The outcome of the resignations witnessed by the Tunisian Ennahda movement rose to 131, including members of the regional offices, the Shura Council of the movement, deputies and leaders of the party.
This came according to what was announced yesterday evening, Sunday, by the former leader of the movement, Abdel Latif Al-Makki, in a statement to the official news agency, which was reported by the private Nessma channel.
Al-Makki said that the reasons for the new resignations are the same as those announced by more than 100 party leaders and deputies during the past few days.
With regard to preparing for the establishment of a new party by independents from Ennahda, Al-Makki said that it is certain that they will have joint work, pointing out that work within the framework of a new party will be determined later.
More than a hundred leaders in the Tunisian Ennahda movement announced their resignation from their positions, and said in a statement that their decision came “to give priority to their national commitment to defending democracy and liberation from the constraining constraints that affiliation with the Ennahda party has become.”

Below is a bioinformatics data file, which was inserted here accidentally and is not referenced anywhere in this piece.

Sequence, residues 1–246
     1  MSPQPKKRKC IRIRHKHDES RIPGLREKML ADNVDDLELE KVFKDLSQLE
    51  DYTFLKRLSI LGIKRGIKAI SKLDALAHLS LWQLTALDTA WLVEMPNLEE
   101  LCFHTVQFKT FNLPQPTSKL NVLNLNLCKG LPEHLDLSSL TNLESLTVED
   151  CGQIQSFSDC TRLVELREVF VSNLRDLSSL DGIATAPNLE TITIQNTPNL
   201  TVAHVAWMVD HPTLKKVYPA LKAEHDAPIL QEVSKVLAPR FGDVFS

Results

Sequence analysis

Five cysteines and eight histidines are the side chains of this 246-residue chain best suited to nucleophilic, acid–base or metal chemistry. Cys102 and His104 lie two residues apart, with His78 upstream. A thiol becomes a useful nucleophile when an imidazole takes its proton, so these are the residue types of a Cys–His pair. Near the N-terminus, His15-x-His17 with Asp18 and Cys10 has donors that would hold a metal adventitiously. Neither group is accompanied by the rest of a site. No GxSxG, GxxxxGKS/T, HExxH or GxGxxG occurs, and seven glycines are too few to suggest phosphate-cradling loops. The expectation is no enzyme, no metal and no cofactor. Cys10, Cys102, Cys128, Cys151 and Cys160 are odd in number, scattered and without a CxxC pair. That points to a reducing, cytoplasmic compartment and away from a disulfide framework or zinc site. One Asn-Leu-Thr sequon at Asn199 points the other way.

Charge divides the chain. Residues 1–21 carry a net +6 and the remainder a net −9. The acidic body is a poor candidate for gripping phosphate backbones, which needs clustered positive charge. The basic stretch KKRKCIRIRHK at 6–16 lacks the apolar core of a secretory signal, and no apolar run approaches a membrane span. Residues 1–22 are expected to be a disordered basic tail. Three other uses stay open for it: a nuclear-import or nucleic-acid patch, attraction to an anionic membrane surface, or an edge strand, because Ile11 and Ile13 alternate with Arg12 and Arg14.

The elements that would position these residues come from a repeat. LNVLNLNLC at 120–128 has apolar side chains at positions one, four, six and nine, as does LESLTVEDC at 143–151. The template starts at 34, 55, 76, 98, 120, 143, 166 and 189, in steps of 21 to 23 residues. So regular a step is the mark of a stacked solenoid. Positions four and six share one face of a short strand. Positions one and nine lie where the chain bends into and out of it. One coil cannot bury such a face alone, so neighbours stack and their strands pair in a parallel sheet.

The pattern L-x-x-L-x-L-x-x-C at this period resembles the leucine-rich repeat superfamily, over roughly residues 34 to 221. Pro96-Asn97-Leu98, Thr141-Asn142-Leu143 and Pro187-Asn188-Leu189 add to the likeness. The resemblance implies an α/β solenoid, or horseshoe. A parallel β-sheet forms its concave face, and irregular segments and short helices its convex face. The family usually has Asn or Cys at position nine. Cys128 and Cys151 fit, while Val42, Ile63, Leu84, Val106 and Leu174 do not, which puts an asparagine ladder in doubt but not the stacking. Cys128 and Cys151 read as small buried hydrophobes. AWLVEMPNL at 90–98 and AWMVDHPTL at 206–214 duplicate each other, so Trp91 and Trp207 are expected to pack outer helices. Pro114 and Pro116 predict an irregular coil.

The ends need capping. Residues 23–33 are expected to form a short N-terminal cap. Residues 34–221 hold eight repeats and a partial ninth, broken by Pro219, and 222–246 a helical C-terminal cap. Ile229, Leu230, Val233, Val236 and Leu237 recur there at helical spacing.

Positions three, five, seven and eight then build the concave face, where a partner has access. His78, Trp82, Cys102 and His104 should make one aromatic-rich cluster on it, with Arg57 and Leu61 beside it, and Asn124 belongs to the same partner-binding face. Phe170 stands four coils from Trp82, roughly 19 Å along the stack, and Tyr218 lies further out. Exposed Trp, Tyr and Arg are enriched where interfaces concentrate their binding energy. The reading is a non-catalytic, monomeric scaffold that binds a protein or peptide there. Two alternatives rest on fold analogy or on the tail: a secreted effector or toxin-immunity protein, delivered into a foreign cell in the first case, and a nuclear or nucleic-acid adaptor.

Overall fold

The signatories to the statement, including Al-Makki, held the Ennahda leadership responsible for the political situation in the country, “whoever wants to give way to a coup against the constitution and the institutions emanating from it.”
And last Wednesday, Tunisian President Kais Saied issued a presidential order related to his new powers, foremost of which is the assumption of the executive and legislative powers, while the second section of this section included provisions related to the powers of that same government.
The order stipulated that the government consists of a prime minister, ministers and state secretaries, to be appointed by the President of the Republic himself, and they take the oath stipulated in the last paragraph of Chapter 89 of the Constitution, before him, at a time when the formed government implements the general policy of the state, in accordance with the directives and choices set by the President. It is responsible for its actions before the President of the Republic himself.
Last July, Tunisia witnessed very important political developments, coinciding with the 64th anniversary of the proclamation of the republic, which began with protests caused by a political crisis between the government, the president and parliament, and ended with decisions issued by the Tunisian president after his meeting with military and security leaders.
The decisions included relieving the head of government from his post, freezing the work of Parliament and lifting the immunity of all its members. The head of state assumed the presidency of the public prosecution and the executive authority. The Tunisian president also decided to impose a curfew throughout the country until August 27.